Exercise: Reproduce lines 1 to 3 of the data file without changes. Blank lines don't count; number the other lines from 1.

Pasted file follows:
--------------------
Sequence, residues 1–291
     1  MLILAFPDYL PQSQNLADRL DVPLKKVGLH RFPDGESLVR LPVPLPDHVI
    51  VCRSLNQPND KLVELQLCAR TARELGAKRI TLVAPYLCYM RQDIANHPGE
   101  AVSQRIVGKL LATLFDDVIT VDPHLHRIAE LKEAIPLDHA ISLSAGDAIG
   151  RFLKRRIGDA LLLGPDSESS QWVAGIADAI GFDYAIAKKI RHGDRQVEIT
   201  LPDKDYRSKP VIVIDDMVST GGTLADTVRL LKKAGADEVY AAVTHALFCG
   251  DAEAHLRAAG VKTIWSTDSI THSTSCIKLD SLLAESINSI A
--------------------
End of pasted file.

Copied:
Sequence, residues 1–291
     1  MLILAFPDYL PQSQNLADRL DVPLKKVGLH RFPDGESLVR LPVPLPDHVI
    51  VCRSLNQPND KLVELQLCAR TARELGAKRI TLVAPYLCYM RQDIANHPGE